Sunday, July 27, 2008

Some more trade talk

It's amazing that I'm still finding new things to read about the trade, but almost two days later, I am. There's two more things that I think are important reads about this move. The first is from Joe Sheehan at Baseball Prospectus:

While 2008 is a lost year for Tabata, he represents the type of talent the Pirates have generally had problems getting into the system: young, high-upside with superstar potential and some risk involved. It’s not clear what he’s going to become, but what he could become is more impressive than any other Pirate prospect’s ceiling. This is the type of deal Neal Huntington needed to make. Considering that he flipped an impending free agent (Marte) and a player having a career half, this is a very good deal for the Pirates; first-year GM.

This is an indelicate comparison, but if you want the optimistic viewpoint, think about Hanley Ramirez, who put up a desultory 2005 season in Double-A, creating whispers similar to what we’ve heard about Tabata. Three years later, Ramirez is as close to untouchable as any player in the game. That’s the kind of talent Huntington is trying to add to the Pirates, and if the name and the performance aren’t thrilling to Pirates fans, the thought process and the approach should be.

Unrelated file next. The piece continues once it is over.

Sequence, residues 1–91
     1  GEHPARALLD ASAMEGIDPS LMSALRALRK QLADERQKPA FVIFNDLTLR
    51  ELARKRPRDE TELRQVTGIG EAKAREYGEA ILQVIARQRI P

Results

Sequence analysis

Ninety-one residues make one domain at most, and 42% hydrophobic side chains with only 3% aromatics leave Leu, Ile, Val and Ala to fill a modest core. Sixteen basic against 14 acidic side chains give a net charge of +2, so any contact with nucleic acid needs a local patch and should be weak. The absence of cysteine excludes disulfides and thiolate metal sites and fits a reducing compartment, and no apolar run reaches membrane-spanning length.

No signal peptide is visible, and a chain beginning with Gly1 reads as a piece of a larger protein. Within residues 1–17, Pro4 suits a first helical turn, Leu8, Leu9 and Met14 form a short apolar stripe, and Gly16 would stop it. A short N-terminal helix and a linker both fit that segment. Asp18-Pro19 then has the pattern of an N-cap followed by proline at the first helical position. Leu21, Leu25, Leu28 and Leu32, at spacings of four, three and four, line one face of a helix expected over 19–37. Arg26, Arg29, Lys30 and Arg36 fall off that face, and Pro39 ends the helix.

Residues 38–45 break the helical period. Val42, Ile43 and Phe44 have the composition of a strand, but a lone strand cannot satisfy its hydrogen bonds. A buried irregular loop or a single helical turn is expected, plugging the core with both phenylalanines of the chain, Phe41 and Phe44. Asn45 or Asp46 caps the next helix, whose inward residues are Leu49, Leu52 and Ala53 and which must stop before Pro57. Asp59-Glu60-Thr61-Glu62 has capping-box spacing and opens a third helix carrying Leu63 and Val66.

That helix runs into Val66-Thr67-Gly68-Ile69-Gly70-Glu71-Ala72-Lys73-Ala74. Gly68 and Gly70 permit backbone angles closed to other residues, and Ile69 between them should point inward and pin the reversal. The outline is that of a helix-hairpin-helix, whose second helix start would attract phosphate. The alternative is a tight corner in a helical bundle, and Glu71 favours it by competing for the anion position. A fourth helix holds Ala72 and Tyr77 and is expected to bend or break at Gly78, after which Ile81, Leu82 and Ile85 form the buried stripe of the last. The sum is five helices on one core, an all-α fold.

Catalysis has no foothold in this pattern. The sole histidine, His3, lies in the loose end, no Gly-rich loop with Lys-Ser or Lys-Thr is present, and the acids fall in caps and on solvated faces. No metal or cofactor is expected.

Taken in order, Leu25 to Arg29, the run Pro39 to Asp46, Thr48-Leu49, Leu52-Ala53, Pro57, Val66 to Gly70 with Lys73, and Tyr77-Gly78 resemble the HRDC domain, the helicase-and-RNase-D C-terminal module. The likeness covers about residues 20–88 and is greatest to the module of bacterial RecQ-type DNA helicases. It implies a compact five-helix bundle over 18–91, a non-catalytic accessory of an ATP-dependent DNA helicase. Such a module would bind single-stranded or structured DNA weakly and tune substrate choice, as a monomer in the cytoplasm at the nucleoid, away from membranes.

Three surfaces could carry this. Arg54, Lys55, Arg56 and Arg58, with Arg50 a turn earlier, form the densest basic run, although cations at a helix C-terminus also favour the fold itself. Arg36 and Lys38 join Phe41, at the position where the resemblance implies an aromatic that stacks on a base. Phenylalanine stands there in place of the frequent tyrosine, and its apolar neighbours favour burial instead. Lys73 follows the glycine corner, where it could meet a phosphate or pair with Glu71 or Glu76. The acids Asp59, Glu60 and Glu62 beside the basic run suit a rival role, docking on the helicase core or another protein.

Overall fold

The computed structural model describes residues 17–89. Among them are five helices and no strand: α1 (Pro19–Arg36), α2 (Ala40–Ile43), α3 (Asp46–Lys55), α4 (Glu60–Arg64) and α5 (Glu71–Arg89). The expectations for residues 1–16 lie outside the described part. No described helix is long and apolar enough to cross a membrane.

The second is from Wilbur Miller:
What’s significant about this trade is the break it represents from the model that Huntington inherited from his incompetent predecessor. What he’s found out this year, both from the collapse of the major league pitching and the poor performances of many of the team’s already-dubious prospects throughout the farm system, is that the Pirates can’t finesse the post-2009 talent vacuum. He and Coonelly both have stated many times that they’re not aiming at just reaching .500, but at building an organization that will be competitive over the long term. This is the first tangible sign that they meant it.
They're both worth a full read (the BP article is free until tonight).

I know that my gut reaction to this trade is that it wasn't a great one, but the more I look at it, the more it seems clear the most important aspect of this trade isn't necessarily the players we got, but the thought process involved. I may disagree with Huntington on the value of Tabata, but the point is that he's a very young and very talented and that's what the Pirates need . Not only did Huntington manage to make this deal, but by making this deal six days before the deadline, he sent a message that he's willing to work with other GMs and he's not going to cave Littlefield-style as the deadline approaches. Buster Olney, Joe Buck, and Tim McCarver can blabber on about whatever they want on TV, but it's clear that Huntington got what he wanted in this move.